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Fun in the Garden

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Like many of us under lockdown the past couple of weeks, I've had a bit of a spring clean, both in the home and the garden. Yesterday I turned my attention to a huge bag of garden stuff accumulated over the years from various events and realised here was an opportunity to inject some fun into the garden.

Our gardens are fast becoming our sanctuaries and a healing space for our times, but oh yes, some fun is needed now more than ever. I felt a little down on Friday and a cheerful task in the fresh air was just what I needed. Half an hour or so's work and my little flowerpot man now greets me as I step into the garden as do my welcome flowers. I rescued the arch from the bottom of the garden last year and decided it was crying out for the string of solar lights I'd found in my bag. Childlike I couldn't wait for it to get dark yesterday evening so I could admire my handiwork and was delighted the moon joined me for the photo session.

Skipper and Spot are always entertain…

Garden Bloggers Muse Day: We shall have...

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I viewed this calendar picture throughout March whenever I was in the downstairs loo. It struck me as somehow appropriate for the times we're currently living in, though the dreams aren't exactly wonderful and the actual season we'll wake up in probably won't be spring. If only we could hibernate!

I hope everyone stays safe and well in the weeks to come.

Write Away and #Springnaturediary: What a difference a year makes

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Last year I took part in the first #springnaturediary, an Arts and Humanities Research Council project which is also taking contributions this year. I'm chuffed last year's diary made the final cut and can be read as part of an illustrated booklet.

Now the world has changed for us all and it's useful to mark these strange times with another entry for this year's diary. Read on and you'll see everything has changed for me in another significant way. NAH had a heart attack on our wedding anniversary in early March and against the background of the looming Coronavirus pandemic - declared as such the day after on my birthday - I wanted to record a moment in our increasingly shrinking world.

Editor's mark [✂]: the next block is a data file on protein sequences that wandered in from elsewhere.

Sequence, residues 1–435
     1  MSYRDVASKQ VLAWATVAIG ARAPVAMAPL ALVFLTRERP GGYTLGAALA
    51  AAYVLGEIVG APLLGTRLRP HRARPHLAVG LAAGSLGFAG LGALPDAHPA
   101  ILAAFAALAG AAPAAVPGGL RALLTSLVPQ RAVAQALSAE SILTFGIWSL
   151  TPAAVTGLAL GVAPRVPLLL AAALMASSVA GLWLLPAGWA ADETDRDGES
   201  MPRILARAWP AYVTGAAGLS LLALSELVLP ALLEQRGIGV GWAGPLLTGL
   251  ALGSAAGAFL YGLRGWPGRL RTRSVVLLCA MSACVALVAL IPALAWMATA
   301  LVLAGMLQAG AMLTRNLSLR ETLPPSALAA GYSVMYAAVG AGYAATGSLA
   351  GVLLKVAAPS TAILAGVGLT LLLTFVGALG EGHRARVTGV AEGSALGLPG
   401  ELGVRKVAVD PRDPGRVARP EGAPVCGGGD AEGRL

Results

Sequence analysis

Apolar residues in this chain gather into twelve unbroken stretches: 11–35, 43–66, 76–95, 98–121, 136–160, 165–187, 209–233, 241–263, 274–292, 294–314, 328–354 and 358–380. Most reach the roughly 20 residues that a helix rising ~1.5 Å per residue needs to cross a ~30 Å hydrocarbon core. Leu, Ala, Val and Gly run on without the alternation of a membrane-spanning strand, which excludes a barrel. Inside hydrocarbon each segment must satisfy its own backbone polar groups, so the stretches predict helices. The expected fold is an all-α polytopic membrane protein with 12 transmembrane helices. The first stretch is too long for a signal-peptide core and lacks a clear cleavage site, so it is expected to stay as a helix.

Thankfully NAH's home now and started on the slow road to recovery. It was obvious the hospital was beginning to make preparations for the pandemic whilst he was there. All that can't be squeezed into a 150 word entry which focuses on the vernal equinox, but there is a snip…

Weekend Wandering: a new wildflower on the block

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Oh how the world has changed in what seems like the twinkling of an eye. We're now confined to home here in the UK, let out just once a day for exercise. I have a goal to #walk1000miles this year, which is proving more of a challenge now walks need to start from my own front door.

I've devised a 3.3 mile circular route which will allow me to achieve my goal if I walk it every day... and just as I was getting a bit tired of it on Wednesday, up pops a new wildflower in a quite unlikely place in the shape of the white form of the sweet violet, Viola odorata. Have a look at the link for some delightful stories associated with this wildflower.

I found it just outside the entrance of one of the local secondary schools just up the hill from where I live. There's a narrow stretch of grass there by the tarmac path which is currently bejewelled with lesser celandine and a couple of clumps of my new discovery. As the school is built on the site of the former Hardenhuish estate, and …

Next Stop on the Blog Tour: Diary of a Modern Country Gardener

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I'm delighted to be the next stop on the blog tour of Tamsin Westhorpe's new book, Diary of a Modern Country Gardener. I have to declare an interest here: I know Tamsin well and I've visited the garden in question - Stockton Bury Gardens in Herefordshire - twice, but don't worry dear reader, my thoughts on Tamsin's wonderfully warm and witty diary would still be the same if I didn't know her or the garden from Adam.